Author(s): Ueda Y, Yonemitsu M, Tsubuku T, Sakaguchi M, Miyajima R
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Abstract The flavor of glutathione (gamma-L-glutamyl-L-cysteinylglycine, GSH) was examined by several sensory evaluations. The measurement of a point of subjective equality (PSE) showed that the peptide increases the flavor characteristics but did not affect the intensity of basic tastes, such as sweetness, saltiness, sourness, and umami. However, the threshold value of GSH decreased significantly in an umami solution containing 0.05\% each of monosodium glutamate (MSG) and disodium inosinate (IMP). This suggests that GSH interacts with the umami substance and has a certain effect on the flavor. GSH had a characteristic kokumi flavor, such as continuity, mouthfulness, and thickness in the umami solution as well as in a model beef extract constructed from analyzed components at a concentration of 0.02\% w/v. Some foodstuffs, including meat, were found to contain GSH above its threshold value, which implicates the contribution of GSH to the flavor. The thermal degradation study suggested that a part of GSH have changed into its disulfide, pyroglutamic acid (PCA), and cyclocysteinylglycine in cooked foodstuffs.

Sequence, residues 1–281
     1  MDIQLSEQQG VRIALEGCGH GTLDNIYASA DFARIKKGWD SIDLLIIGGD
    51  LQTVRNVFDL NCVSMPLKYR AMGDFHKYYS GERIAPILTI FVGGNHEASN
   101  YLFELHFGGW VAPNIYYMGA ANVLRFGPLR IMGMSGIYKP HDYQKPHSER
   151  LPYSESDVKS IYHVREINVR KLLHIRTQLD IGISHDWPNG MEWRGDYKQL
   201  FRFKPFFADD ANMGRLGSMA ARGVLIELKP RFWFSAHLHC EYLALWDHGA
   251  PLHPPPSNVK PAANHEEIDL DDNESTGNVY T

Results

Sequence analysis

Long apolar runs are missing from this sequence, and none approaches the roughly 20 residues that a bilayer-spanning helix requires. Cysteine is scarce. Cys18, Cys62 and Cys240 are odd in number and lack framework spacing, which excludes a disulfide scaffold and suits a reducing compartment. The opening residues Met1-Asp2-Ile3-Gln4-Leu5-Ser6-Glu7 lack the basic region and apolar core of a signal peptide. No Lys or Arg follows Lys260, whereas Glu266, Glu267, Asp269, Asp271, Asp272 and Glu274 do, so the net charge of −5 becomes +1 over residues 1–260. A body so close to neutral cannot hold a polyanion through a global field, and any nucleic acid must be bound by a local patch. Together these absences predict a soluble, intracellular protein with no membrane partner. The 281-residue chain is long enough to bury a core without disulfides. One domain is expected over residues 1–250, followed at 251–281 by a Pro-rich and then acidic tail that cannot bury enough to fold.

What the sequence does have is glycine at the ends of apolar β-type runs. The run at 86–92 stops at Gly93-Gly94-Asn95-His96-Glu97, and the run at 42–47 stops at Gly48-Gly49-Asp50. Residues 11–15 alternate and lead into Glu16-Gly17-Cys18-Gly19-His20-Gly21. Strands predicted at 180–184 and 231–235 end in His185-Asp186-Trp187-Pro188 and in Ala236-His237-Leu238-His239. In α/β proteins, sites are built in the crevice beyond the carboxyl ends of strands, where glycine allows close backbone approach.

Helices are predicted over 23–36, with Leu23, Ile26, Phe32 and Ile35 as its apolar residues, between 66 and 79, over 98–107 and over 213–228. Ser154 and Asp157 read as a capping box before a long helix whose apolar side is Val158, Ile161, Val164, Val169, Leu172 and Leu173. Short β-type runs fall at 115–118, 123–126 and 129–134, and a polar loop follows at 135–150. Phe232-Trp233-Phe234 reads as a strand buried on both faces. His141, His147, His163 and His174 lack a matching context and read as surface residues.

This article was published in Biosci Biotechnol Biochem
and referenced in Fermentation Technology